Milky Way: The Long, Strange History Of Breastfeeding


A great piece in the new New Yorker explores the history of breastfeeding: the fads and crazes that have controlled centuries of women, and the forces that still have us feeling bad about ourselves.

The long and varied history of breastfeeding – perhaps one of the most natural and organic of processes – is, writer Jill Lepore argues, inextricably linked to social change and economic issues. Long seen as a mark of social humility, breastfeeding was, amongst the upper-classes of prior centuries, generally farmed out to a paid wet nurse. But in the 18th Century, Rousseau (himself apparently a crap father) encouraged a romanticized view of back-to-nature mothering, one backed up by Linnaueus’ studies of mammalian nature. An alleged “milk shortage” in 19th Century America started a fad of feeding babies cow’s milk – often with fatal consequences – and started a decline in breastfeeding. Modern science – and the new practice of giving birth in hospitals – then ushered in an era of sterility. And, as Lepore points out, “perversely, Freud’s insistence that infants experience suckling as sexual pleasure proved a boon to stork-style repression, too: mothers, eager to keep infantile incestuous desire at arm’s length, propped their babies up in high chairs and handed them bottles.”

Milk-banks and early wet-nurse directories gave birth to a new formula industry. “Once milk banks replaced wet nurses, human milk came to be treated, more and more, as a medicine, something to be prescribed and researched, tested and measured in flasks and beakers.” Breast-feeding was regarded as old-fashioned and unsanitary…a trend that La Leche League intended to curb when they established in 1956. Read their pamphlet: “With his small head pillowed against your breast and your milk warming his insides, your baby knows a special closeness to you, he is gaining a firm foundation in an important area of life-he is learning about love.” And, unsurprisingly, this ethic appealed to many upper-class women of the 1960s.

In more recent years, breast milk’s superiority has been touted by medical professionals as a deterrant to various health and immune problems. However, American breast-feeding is at a low, something hospitals and government have been at pains to address. Measures have ranged from workplace breast-pumping stations, tax exemptions, and amendment of indecency legislation that gets in the way of public breastfeeding. (The fact that a woman was just arrested in a Connecticut bar for drinking while nursing shows there’s still some issues to figure out.) A 2007 case against an airline that confiscated breast milk led to its reclassification as “liquid medication” – significant in more ways than one. This, Lepore concludes, is the age of the breast pump. And that’s not a great thing.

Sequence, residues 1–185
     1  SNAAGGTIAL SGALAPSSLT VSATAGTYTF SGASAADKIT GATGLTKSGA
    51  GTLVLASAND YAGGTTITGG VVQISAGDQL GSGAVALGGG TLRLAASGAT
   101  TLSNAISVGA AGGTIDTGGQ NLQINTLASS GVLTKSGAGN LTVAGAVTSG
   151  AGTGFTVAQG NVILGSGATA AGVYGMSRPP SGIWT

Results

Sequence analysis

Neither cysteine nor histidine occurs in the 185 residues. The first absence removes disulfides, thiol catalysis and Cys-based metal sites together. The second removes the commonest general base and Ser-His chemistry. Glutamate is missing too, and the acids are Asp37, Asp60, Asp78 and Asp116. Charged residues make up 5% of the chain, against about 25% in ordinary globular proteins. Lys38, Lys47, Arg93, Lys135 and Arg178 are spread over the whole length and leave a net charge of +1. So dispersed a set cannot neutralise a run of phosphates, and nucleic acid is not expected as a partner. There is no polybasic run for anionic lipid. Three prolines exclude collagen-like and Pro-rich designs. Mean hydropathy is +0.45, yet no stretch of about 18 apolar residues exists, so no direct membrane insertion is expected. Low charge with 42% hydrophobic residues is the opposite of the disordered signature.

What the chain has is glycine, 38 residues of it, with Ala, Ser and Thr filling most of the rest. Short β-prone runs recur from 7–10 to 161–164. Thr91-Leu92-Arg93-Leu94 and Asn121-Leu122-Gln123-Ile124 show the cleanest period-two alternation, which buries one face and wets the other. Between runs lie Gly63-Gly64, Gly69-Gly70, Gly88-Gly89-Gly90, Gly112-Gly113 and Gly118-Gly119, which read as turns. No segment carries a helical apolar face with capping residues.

Non-bathroom lactation rooms are such a paltry substitute for maternity leave, you might think that the craze for pumps-especially pressing them on poor women while giving tax breaks to big businesses-would be met with skepticism in some quarters. Not so. The National Organization for Women wants more pumps at work: NOW’s president, Kim Gandy, complains that “only one-third of mega-corporations provide a safe and private location for women to pump breast milk for their babies.” (When did “women’s rights” turn into “the right to work”?) The stark difference between employer-sponsored lactation programs and flesh-and-blood family life is difficult to overstate. Pumps put milk into bottles, even though many of breast-feeding’s benefits to the baby, and all of its social and emotional benefits, come not from the liquid itself but from the smiling and cuddling (stuff that people who aren’t breast-feeding can give babies, too). Breast-feeding involves cradling your baby; pumping involves cupping plastic shields on your breasts and watching your nipples squirt milk down a tube. But this truth isn’t just rarely overstated; it’s rarely stated at all…No one seems especially worried about women whose risk assessment looks like this: “Should I take three twenty-minute pumping ‘breaks’ during my workday, or use formula and get home to my baby an hour earlier?”

In Lepore’s view, the current mentality is essentially another round in the breast milk carousel: the only difference is, this one’s a convenient synthesis of a few views: the same sterile packaging as 1950s “science,” with the benefits of alternative research – minus, of course, the romanticism. Meanwhile, the issue is as starkly class-based as ever: any “good,” progressive mother knows breast milk’s benefits – but breast pumps and the accompanying paraphernalia of conscientious working motherhood are shockingly expensive. Another failure of “having it all” – or progress, of a sort?

Baby Food [New Yorker]

Related: Woman Arrested For Breast Feeding At A Bar [Babble]

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